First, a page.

Pakistan also had to deal with a massive flow of refugees into the country. More than 14 million people crossed within a couple of months the newly drawn border between India and Pakistan. Eight million Muslims came into Pakistan while six million Hindus and Sikhs moved in the opposite direction. The outmigration of Hindus and Sikhs reduced Pakistan’s original population of 32 million people to 26 million. In-migration of Muslims brought it to 34 million. In 1951 when Pakistan took its first population census, one out of every four of its citizens had come from outside the country. The migration changed the religious mix of the country. In 1947 when the British agreed to partition their colony, Muslims made up 78 per cent of what is now Pakistan. After the exchange of population, the share of Muslims had jumped to 97 per cent. This Muslimisation of Pakistan was to have several serious consequences, among them the continuing effort by some Islamic extremist groups to bring Islam into governance.

While the large migration of Muslims from India made Pakistan a primarily Muslim country, the opposite did not happen for India. At the time the two countries gained independence, they had a combined population of 400 million people. Of these one-quarter or 100 million were Muslims. Of these 56 million were native to the areas that are now Bangladesh and Pakistan. Bangladesh started out with 32 million Muslims while Pakistan had 24 million. Of the 44 million that remained in India, eight million migrated to Pakistan and one million went to Bangladesh. When dust had settled down, the distribution of the Muslim population was as follows: India, 35 million; Bangladesh 33 million; and Pakistan 32 million. Since then the Muslim population in the three South Asian countries has increased five and a half times and reached 550 million. Pakistan now has the largest Muslim population with 204 million people followed by India with 200 million and Bangladesh with 146 million. However, as developments in Pakistan have shown, a country with a very large proportion of its population, does not have to be Islamic.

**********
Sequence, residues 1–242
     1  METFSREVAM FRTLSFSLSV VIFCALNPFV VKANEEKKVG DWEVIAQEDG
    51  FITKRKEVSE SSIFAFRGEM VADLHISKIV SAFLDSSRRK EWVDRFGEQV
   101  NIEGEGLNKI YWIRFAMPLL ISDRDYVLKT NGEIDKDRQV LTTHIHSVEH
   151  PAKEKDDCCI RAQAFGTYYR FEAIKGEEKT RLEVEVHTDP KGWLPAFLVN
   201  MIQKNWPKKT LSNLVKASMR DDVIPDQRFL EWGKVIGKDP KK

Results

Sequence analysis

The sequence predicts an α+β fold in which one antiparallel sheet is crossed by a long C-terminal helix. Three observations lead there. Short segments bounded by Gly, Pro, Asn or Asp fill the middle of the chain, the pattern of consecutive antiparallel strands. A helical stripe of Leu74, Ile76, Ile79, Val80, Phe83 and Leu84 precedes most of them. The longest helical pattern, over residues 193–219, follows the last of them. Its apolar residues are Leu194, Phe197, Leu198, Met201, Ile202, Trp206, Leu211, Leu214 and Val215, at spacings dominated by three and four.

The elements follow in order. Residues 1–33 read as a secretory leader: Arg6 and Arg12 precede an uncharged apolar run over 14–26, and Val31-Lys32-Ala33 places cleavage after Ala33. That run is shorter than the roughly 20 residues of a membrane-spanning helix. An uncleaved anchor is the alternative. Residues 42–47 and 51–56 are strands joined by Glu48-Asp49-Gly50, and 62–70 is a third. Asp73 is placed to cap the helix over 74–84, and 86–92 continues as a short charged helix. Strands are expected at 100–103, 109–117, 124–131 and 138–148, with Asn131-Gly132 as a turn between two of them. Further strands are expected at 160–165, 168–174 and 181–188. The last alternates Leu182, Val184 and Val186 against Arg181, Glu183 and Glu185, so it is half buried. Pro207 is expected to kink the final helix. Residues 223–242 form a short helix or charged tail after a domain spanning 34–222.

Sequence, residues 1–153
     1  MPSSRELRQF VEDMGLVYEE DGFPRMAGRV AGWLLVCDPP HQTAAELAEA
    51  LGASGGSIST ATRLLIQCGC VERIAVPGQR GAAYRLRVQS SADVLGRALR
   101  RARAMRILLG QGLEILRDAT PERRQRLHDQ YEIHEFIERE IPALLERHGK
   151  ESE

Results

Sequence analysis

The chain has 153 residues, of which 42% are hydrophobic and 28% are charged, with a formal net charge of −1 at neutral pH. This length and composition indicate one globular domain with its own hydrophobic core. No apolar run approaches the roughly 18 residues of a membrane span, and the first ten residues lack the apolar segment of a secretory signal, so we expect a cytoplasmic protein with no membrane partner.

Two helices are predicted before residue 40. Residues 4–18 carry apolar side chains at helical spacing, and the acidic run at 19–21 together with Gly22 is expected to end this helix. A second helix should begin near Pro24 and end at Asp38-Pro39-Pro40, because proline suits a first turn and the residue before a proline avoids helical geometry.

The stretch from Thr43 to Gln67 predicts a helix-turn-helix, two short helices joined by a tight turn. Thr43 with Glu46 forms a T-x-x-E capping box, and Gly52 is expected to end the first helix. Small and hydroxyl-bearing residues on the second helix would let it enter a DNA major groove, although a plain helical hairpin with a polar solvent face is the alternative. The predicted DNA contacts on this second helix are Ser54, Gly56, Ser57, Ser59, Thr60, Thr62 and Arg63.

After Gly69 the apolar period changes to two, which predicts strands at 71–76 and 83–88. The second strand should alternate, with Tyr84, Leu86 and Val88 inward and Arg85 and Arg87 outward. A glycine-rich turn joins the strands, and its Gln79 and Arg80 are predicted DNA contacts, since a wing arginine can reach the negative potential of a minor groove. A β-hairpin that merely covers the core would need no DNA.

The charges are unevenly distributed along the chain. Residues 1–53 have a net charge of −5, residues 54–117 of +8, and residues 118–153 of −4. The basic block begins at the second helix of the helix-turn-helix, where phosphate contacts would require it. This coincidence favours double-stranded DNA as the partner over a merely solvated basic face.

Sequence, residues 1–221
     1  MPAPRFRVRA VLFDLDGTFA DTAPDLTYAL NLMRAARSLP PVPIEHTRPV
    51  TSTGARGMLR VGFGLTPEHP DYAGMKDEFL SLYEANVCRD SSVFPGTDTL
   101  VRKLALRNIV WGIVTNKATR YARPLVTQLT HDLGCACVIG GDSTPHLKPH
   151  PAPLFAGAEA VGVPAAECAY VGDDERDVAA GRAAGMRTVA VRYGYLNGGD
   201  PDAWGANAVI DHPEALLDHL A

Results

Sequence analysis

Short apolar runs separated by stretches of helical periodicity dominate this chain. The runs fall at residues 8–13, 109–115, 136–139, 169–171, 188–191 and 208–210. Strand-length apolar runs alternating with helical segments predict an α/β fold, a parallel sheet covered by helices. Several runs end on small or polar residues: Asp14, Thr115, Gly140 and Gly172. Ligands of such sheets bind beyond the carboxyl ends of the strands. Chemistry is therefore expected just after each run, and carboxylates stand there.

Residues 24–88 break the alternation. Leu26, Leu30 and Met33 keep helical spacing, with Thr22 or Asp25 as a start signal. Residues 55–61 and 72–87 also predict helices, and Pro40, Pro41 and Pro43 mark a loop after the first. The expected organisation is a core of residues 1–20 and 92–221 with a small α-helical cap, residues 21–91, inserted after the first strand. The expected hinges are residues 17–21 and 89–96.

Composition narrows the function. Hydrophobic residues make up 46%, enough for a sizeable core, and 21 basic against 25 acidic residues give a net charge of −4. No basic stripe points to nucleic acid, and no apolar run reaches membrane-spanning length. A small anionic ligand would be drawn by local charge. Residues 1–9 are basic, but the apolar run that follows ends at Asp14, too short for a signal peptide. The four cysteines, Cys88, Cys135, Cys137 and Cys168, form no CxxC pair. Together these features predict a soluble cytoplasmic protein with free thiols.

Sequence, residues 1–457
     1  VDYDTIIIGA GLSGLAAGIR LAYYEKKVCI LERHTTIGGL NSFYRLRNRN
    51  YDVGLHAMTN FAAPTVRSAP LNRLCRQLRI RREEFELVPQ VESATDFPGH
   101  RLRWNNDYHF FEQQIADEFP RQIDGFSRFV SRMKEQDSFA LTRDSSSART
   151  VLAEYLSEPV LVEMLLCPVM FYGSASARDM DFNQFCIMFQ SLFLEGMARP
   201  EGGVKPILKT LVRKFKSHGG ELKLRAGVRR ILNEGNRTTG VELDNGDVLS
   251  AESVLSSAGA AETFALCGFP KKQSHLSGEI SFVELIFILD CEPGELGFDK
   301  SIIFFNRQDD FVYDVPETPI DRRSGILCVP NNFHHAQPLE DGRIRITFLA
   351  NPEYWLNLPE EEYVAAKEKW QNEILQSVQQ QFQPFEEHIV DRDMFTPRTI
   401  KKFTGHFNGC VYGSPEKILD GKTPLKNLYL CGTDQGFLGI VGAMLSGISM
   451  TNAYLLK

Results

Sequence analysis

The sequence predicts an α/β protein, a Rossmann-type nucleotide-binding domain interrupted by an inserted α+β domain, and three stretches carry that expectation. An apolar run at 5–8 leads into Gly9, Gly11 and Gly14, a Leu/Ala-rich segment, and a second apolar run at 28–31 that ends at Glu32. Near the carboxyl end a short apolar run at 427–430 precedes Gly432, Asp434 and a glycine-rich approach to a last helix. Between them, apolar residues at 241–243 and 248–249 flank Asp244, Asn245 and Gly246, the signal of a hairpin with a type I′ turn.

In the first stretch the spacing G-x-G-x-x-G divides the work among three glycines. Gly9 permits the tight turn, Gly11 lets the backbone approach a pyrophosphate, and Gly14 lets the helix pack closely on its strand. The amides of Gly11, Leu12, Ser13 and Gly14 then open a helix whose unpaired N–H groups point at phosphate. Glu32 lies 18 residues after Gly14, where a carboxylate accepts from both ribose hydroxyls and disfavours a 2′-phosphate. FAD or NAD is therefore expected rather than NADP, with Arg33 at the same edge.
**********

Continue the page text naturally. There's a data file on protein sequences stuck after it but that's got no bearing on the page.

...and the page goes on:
About half of the migrant population from India went to Karachi and Hyderabad. That was to be the first of the three waves of migration that transformed the city’s demography and the absence of a political system that could accommodate different groups resulted in ethnic violence. Karachi now with a population of 22 million is one of the world’s most violent megacities. The second wave was made up of constructions workers who came from the northern parts of the country and also from what is now Khyber-Pakhtunkhwa province. The latter were Pashtuns who founded several satellite communities on the periphery of Karachi. Sohrab Goth is one of them and was often the scene of ethnic violence. The third wave came with refugees from Afghanistan moving into Pakistan. Karachi was not only Pakistan’s largest city, it was also its most violent. Since a good part of the Pakistani economic wealth originated in Karachi, this affected the state of the economy.

Some of the problems Pakistan faces today can be traced to its early history. The inability of the government to finance itself fully can be traced back to the country’s founding. Karachi, the centre of Pakistan’s industry, finance and commerce remains under stress. The government has had to find ways to look after millions of refugees who have arrived from neighbouring countries. Ethnic differences that remain unresolved have created difficulties for creating a unified state.


Published in The Express Tribune, October 25th, 2021.